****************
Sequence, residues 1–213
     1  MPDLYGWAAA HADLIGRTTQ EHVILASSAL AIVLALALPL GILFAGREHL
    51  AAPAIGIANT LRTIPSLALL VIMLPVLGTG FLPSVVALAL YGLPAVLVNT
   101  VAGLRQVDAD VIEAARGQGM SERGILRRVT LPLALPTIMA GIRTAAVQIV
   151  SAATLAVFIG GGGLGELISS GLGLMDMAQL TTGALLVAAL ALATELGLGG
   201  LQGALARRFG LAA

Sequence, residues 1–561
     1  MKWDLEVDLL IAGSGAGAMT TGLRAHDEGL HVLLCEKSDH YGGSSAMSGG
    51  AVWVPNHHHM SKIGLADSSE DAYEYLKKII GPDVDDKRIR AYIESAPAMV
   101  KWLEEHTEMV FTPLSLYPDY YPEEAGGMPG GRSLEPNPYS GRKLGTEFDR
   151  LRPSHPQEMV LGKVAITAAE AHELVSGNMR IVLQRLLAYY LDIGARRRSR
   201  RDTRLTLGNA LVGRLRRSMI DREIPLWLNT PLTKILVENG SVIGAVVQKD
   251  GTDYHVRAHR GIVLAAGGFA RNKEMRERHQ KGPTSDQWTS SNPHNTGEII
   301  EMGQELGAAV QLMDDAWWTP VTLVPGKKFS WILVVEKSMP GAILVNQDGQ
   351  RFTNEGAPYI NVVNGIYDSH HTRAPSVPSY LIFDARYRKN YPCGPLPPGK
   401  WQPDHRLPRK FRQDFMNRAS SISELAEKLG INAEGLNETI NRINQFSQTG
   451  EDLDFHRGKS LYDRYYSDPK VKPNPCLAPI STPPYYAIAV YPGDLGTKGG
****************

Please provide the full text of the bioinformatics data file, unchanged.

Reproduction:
Sequence, residues 1–213
     1  MPDLYGWAAA HADLIGRTTQ EHVILASSAL AIVLALALPL GILFAGREHL
    51  AAPAIGIANT LRTIPSLALL VIMLPVLGTG FLPSVVALAL YGLPAVLVNT
   101  VAGLRQVDAD VIEAARGQGM SERGILRRVT LPLALPTIMA GIRTAAVQIV
   151  SAATLAVFIG GGGLGELISS GLGLMDMAQL TTGALLVAAL ALATELGLGG
   201  LQGALARRFG LAA

Sequence, residues 1–561
     1  MKWDLEVDLL IAGSGAGAMT TGLRAHDEGL HVLLCEKSDH YGGSSAMSGG
    51  AVWVPNHHHM SKIGLADSSE DAYEYLKKII GPDVDDKRIR AYIESAPAMV
   101  KWLEEHTEMV FTPLSLYPDY YPEEAGGMPG GRSLEPNPYS GRKLGTEFDR
   151  LRPSHPQEMV LGKVAITAAE AHELVSGNMR IVLQRLLAYY LDIGARRRSR
   201  RDTRLTLGNA LVGRLRRSMI DREIPLWLNT PLTKILVENG SVIGAVVQKD
   251  GTDYHVRAHR GIVLAAGGFA RNKEMRERHQ KGPTSDQWTS SNPHNTGEII
   301  EMGQELGAAV QLMDDAWWTP VTLVPGKKFS WILVVEKSMP GAILVNQDGQ
   351  RFTNEGAPYI NVVNGIYDSH HTRAPSVPSY LIFDARYRKN YPCGPLPPGK
   401  WQPDHRLPRK FRQDFMNRAS SISELAEKLG INAEGLNETI NRINQFSQTG
   451  EDLDFHRGKS LYDRYYSDPK VKPNPCLAPI STPPYYAIAV YPGDLGTKGG